Saut dans la vide.
Surge Team Report
C. Bacon-Davis & S. Miller
“The CDC has sent a “surge team” to help, but it’s just two people: an epidemiologist, who is helping analyze data on Delta’s spread, and a communications person.”
CDC Document Center Archives
July 16-21, 2021
Report to CDC
July 16, 2021
I'm the CDC communications person in Missouri. I’m excited about the opportunity. Any ETA on getting more surge team members?
Report to CDC
July 17, 2021
Today I learned that Missouri is known as the “Show Me” State. What more needs to be “shown?” Will canvass for feedback in order to update comms plan.
Report to CDC
July 18, 2021
Could you at least send another epidemiologist? Like, do you have a spare? I haven’t seen the guy since he said the word “mask” to the governor. I haven’t used a graphing calculator since high school, but I tried. Honestly, it’s just too much math for me.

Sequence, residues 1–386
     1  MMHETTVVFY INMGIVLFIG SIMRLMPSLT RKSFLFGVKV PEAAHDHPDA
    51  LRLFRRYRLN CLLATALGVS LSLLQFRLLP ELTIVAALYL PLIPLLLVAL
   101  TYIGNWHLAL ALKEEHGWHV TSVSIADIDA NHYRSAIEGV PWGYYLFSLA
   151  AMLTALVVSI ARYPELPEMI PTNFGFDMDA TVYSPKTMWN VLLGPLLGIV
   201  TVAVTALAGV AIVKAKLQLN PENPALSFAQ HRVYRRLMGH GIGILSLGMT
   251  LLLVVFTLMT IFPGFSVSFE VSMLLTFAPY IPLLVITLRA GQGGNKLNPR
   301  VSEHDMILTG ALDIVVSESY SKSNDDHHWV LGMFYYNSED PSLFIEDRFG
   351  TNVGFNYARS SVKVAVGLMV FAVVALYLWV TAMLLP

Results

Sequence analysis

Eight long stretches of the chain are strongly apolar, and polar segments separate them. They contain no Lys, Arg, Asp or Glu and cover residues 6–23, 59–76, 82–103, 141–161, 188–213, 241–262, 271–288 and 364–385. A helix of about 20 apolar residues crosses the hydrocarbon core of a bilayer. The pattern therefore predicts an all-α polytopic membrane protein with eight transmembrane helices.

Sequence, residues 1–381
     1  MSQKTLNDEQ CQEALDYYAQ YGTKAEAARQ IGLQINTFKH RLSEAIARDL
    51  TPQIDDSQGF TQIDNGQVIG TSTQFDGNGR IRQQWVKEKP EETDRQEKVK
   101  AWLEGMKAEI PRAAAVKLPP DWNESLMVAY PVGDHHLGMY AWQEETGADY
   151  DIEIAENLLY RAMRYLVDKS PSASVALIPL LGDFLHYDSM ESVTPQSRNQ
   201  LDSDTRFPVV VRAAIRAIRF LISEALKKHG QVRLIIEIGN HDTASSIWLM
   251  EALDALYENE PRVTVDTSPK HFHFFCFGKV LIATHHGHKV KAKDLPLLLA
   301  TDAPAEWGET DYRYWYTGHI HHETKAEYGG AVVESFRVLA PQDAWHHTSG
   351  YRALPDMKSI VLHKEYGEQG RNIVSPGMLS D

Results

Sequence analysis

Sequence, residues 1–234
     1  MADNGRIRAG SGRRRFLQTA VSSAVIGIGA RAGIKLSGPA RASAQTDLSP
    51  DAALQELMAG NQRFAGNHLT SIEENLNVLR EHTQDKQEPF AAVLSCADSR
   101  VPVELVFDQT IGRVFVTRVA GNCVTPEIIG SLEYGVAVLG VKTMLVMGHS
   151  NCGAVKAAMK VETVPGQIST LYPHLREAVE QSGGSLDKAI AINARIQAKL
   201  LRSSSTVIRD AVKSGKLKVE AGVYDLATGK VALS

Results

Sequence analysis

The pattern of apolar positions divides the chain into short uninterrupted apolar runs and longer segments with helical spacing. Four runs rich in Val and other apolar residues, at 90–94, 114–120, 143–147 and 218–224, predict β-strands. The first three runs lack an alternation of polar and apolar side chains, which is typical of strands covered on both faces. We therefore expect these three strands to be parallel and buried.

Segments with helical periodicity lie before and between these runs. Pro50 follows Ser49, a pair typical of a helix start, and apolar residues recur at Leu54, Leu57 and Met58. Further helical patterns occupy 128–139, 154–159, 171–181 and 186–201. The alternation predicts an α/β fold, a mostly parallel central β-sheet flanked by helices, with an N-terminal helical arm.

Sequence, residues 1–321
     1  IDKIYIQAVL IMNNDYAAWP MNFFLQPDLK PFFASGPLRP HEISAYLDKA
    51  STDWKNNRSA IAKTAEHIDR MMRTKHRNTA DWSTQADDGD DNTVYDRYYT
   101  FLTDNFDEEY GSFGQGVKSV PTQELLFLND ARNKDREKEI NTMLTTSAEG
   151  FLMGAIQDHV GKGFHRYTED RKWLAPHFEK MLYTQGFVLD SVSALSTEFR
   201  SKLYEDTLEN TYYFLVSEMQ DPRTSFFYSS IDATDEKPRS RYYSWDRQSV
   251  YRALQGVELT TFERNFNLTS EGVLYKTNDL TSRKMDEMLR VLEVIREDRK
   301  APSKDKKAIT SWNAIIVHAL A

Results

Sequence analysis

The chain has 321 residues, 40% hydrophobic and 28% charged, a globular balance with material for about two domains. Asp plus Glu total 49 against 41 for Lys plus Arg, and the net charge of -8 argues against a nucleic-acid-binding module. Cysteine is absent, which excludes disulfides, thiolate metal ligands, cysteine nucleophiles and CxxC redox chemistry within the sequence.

Report to CDC
July 19, 2021
Please forward list of rejected internship applicants. This is all above my pay grade, let alone my per diem.
Report to CDC
July 20, 2021
I can’t even—
Report to CDC
July 21, 2021
Great news: Daniel Boone House hired me as a docent. Please convey to my replacement a proposed strategy pivot: “covid ward tours” in lieu of “reasoning with” and “imploring.” Reenactment theatre not necessary. Multiple opportunities. I’m “off the grid” here, so don’t bother contacting me.
The authors would like to thank jEs, S. O’Neal, and R. Rootenberg for additional editing.
The Blue Sky
Editor’s Note: The following has been edited for length. Estimated reading time: 15 minutes.
Vickie swept into the kitchen bedecked in new lashes, just in time to catch Mina picking her nose while using her other index finger to flick through Instagram.
“Sweetie, stop that. You need to clean up your act.”
“Like, everyone in the world is watching me right now?”
“Pretend they are, Meens,” said her mother crisply. She continued, “Viv and I are heading out. We’ll be at Earth & Vine. Half-price bottles on Tuesday.”
Mina continued to surveil Instagram as Viv clap-clapped down the stairs in her Danskos and followed her wife out the front door into the night.